The State of Wyoming gets a 'B' in overall education quality, according to Education Week's latest Quality Counts Report.

That gives the Cowboy State a seventh-place ranking nationally, immediately ahead of Pennsylvania, New York and Rhode Island, but just behind Connecticut and Maryland.

"The 2017 Quality Counts report serves as a reminder that we are doing great things for kids in our state," State Superintendent Jillian Balow says in a press release.

Massachusetts leads the pack overall for a third straight year with a score of 86.5, a solid B. Nevada is ranked last in the nation, scoring a D at 65.

The country as a whole got a C, slipping to 72.2 from 72.4 last year.

Each state's overall grade is based on three indices: chance for success, school finance and K-12 achievement.

Wyoming's best score is in the finance category at 89.5, which leads the nation again this year after slipping to second place in 2016. The nation overall earned a C in that category this year.

"Wyoming currently stands out as #1 in the nation when it comes to funding education equitably across all schools regardless of location or income levels," Balow adds.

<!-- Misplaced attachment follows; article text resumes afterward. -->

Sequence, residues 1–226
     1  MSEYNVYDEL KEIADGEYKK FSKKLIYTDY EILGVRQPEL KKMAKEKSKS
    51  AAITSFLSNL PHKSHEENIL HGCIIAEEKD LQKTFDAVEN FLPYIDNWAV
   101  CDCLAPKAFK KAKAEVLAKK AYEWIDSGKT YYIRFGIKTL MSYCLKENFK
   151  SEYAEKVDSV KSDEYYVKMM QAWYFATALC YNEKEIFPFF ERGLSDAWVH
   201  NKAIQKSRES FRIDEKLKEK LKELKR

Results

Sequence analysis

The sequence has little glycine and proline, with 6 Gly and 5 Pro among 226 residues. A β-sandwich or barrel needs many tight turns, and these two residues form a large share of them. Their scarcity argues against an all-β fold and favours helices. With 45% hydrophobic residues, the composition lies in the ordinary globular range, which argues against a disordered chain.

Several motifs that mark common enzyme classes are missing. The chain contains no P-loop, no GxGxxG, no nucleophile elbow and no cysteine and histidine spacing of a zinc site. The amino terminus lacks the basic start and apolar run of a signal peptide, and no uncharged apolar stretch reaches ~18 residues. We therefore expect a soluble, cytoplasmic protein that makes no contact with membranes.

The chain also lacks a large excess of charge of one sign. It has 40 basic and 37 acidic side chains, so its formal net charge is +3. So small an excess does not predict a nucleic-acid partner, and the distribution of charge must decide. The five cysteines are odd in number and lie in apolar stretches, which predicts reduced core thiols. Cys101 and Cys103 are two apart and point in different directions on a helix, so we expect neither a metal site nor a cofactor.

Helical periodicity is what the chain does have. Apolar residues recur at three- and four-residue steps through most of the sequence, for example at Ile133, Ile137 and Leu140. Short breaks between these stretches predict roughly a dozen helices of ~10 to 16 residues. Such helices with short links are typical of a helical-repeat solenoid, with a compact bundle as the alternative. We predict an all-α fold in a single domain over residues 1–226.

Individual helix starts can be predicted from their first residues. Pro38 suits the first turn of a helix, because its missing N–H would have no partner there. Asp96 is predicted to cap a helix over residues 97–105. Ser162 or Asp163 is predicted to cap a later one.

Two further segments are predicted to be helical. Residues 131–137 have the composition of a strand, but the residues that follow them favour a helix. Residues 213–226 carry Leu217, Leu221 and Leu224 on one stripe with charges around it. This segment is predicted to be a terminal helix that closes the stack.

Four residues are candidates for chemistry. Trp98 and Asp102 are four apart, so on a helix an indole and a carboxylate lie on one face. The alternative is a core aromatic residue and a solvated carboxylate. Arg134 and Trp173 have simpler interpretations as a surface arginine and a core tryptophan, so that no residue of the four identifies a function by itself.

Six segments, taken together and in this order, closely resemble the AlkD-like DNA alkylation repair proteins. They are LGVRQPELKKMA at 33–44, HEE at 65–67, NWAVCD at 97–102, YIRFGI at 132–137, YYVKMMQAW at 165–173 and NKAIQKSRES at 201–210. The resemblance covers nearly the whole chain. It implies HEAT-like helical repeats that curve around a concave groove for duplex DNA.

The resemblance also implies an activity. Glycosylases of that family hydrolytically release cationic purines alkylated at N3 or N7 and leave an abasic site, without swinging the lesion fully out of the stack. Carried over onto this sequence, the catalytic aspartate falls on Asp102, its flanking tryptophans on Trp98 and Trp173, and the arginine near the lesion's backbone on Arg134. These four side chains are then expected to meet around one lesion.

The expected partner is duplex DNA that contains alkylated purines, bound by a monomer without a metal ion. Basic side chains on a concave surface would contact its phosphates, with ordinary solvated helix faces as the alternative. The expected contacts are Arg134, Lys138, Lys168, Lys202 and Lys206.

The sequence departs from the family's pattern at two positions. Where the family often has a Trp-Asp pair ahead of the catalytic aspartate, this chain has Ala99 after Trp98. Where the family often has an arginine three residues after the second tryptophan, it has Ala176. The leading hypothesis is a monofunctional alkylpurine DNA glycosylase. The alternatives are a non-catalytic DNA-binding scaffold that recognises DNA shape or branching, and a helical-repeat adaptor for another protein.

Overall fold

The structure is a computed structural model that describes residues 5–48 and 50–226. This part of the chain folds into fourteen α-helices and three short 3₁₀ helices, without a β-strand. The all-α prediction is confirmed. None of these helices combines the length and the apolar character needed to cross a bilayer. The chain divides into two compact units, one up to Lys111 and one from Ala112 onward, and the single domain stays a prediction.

"While Wyoming policymakers and educators rightly address our impending financial challenges, it's essential that we continue to improve student achievement," she says.

Balow notes that Wyoming is just above average in K-12 school achievement, with a score of 71.2. Only two states scored higher than a C+ in that category: Massachusetts at 85.2 and New Jersey at 81.

The nation earned a C- for K-12 achievement, a grade which Education Week says has remained steady over time.

That index measures public school performance against 18 indicators capturing current achievement levels, improvement over time, and poverty-based gaps.

"While we are seeing progress on many achievement indicators, average is simply not where we need to be," Balow says.

"Thankfully, we are beginning to see the convergence of multiple efforts and initiatives including a focus on career readiness; interventions for low-performing schools; a clearer connection between standards, assessments, and student success; and an overall shift from federal to state-led education."

The chance for success index gives Wyoming a B- at 80.3. The index itself is designed to capture the role of education in a person's life "from cradle to career," as Education Week puts it, and shows the nation earning a C+ in 2017.

Wyoming's score in that index puts it behind 18 other states and ties with that of New York.

"As this report shows, we have educators, students, families and communities across our state who are dedicated and willing to see all students ready for success in school and life," Balow concludes.

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